By Marty Mulrooney
Blue Toad Murder Files is a new downloadable episodic gaming series from Relentless Software, perhaps most well known for their hugely popular ‘Buzz!’ series of video games.
Much like the ‘Buzz!’ games, Blue Toad Murder Files has a focus on accessibility, fun and group gaming. The first two episodes have just been released separately and also in a bundle on the PSN (for PS3)… so how do they measure up?
Well, the first thing you notice when you load Blue Toad Murder Files are the high production values. The graphics are rock solid (and so they should be, considering you never actually directly control your chosen character) with music that constantly evokes classic Hitchcockian scores.
The town of Little Riddle is wonderfully designed, with an overhead map showing the beautiful sunny lanes and village greens, as well as all major areas of interest. Each episode is fairly linear, yet the map does offer some sense of faux-freedom which is welcome… it is nice to visit areas in the order you choose, even if there are only a couple at a time to pick from. It really is a cool place to explore.
Yet, much in the style of the recent British comedy film Hot Fuzz, not all is as it seems in the quiet little town of Little Riddle. Oh no… for there is a murderer on the loose (said with so much emphasis the word could break at any moment) and the Blue Toad detectives need to catch the villain!
Up to four players can play, although this is a turn based multiplayer game, meaning that with four players you can often be left waiting a while for your turn. Gameplay takes the form of various puzzles, including maths based head-scratchers (presented in a fun way, before you run a mile!) and logic based puzzles such as moving grain sacks to access a hidden photograph underneath.
Luckily, the decidedly British humour and unravelling mysteries are genuinely engaging and enjoyable, making the sometimes hands-off approach of the episodes work fairly well. I often had just as much fun just sitting back and watching as I did trying to quickly solve a puzzle.
There are also Case Review sections where you are asked questions to see how much you have been playing attention… I loved these bits! (Probably because I am very observational and always did well!) Controls are as easy as using X to select something and the arrow keys to move the cursor (for both puzzling and case reviewing). Simple!
All four non-player characters are very well animated (in fact, the whole game is), with players able to choose between a young male, a young female, an older gentleman and an older lady. (Granny!)
The game is very clever actually because non of these 4 character ever speak (indeed, you may chose to play solo, meaning only one detective is acknowledged) yet a hammed-up narrator does speak for you, as the sound lowers down and your chosen character’s lips move soundlessly underneath.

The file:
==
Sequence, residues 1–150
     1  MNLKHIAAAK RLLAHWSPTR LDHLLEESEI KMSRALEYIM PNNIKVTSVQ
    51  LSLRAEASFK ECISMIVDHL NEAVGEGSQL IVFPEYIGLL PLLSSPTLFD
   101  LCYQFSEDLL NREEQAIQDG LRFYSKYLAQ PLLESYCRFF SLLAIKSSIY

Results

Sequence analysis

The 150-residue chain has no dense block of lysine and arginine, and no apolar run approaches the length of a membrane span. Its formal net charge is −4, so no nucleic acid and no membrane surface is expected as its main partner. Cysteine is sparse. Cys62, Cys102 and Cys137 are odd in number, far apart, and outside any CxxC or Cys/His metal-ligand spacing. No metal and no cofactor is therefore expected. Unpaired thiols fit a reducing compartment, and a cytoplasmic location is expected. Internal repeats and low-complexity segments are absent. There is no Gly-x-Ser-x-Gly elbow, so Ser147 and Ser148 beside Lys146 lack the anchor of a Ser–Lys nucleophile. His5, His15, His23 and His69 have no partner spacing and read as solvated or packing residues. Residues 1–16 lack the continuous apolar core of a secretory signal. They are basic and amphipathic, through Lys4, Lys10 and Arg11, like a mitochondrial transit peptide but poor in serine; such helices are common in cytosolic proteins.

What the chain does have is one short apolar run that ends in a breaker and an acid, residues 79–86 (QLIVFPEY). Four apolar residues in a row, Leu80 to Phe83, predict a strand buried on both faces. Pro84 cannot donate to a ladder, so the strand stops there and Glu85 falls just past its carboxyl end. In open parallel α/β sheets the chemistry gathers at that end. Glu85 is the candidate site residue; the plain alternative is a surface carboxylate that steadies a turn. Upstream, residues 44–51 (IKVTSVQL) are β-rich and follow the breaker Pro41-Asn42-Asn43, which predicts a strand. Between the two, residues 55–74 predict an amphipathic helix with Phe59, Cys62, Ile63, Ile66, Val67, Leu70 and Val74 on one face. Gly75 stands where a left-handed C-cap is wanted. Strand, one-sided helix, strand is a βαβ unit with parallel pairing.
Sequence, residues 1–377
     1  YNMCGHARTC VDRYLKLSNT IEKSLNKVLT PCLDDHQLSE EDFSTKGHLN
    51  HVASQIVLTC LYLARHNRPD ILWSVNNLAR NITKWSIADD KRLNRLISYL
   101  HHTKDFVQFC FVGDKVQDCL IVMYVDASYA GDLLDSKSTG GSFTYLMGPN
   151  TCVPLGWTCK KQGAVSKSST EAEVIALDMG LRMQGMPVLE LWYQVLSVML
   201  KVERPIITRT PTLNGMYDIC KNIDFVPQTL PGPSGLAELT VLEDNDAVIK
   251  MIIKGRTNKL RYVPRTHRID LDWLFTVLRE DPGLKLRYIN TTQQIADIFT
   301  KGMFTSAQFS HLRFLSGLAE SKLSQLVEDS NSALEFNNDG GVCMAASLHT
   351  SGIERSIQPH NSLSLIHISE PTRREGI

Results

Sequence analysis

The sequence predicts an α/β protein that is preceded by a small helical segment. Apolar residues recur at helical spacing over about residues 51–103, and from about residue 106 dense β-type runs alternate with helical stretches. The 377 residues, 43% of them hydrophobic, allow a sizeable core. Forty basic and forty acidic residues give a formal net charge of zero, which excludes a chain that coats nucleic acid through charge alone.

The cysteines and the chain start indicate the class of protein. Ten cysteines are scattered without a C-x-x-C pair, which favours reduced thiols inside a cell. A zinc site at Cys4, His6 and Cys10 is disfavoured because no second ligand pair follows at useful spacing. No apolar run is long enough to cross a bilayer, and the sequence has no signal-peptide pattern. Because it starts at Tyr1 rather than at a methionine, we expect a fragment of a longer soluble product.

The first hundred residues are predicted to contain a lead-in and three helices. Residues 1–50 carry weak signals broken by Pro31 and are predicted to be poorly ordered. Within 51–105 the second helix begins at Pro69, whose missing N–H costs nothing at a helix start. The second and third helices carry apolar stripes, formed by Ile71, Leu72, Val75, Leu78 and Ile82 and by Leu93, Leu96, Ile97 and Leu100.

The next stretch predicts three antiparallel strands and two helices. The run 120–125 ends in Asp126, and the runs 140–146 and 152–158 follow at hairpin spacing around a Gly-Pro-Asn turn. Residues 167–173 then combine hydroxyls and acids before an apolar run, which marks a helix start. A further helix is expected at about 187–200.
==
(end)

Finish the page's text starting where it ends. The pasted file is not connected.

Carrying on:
The narrator is pretty hilarious, and I was amazed to discover that one man actually did all of the voices himself. This is pretty amazing, because the voicework is some of the best I have ever heard in a game, never mind a small downloadable episodic one!
From a snooty Basil Faulty type character at the local hotel, to a bumbling police officer and the snooty Lady Snobbish… Tom Dussek does an amazing job of voicing the entire game. I am thoroughly impressed!
I did play the first two episodes mostly alone for this review and I am happy to say I enjoyed myself plenty. The faster you do a puzzle, the better a medal you will achieve, which could be pretty fun in a group when it all tallies at the end!
My only real problem is that the main mystery culprits (for example, a murderer in the first episode and a thief in the second) are always the same. This will somewhat water down repeat playing (each episode lasts about an hour) and the same goes for the puzzles: although really well done, the answers are always the same.
You can replay scenes and puzzles once done to grab some extra medals (and trophies for you achievement hounds!) so in that sense, reply value does exist. And I did find some puzzles, especially in the second episode, to be a real challenge; it was always funny to hear the narrator congratulate or berate me after a completed challenge as well.
Overall, I really liked both episodes, although £6.29 for a single episode that lasts only an hour seems a bit steep. £9.99 for the first two bundled together is better value, yet it all depends where you stand I guess! Being brutally honest, these first two episodes are not going to last you a lifetime. Yet for the few hours they do offer, you will be grinning from ear to ear and most likely have a blast. With friends, the deal will be even sweeter still. Recommended… just a shame about the replay value. Roll on episodes 3 & 4!
7.5 OUT OF 10
Please Note: Episode 2 apparently had some problems loading a new game initially, although it now turns out that this was actually a problem on Sony’s end. Episode 2 is quite small anyway (it reuses assets from episode 1) so a quick re-download should sort out any problems!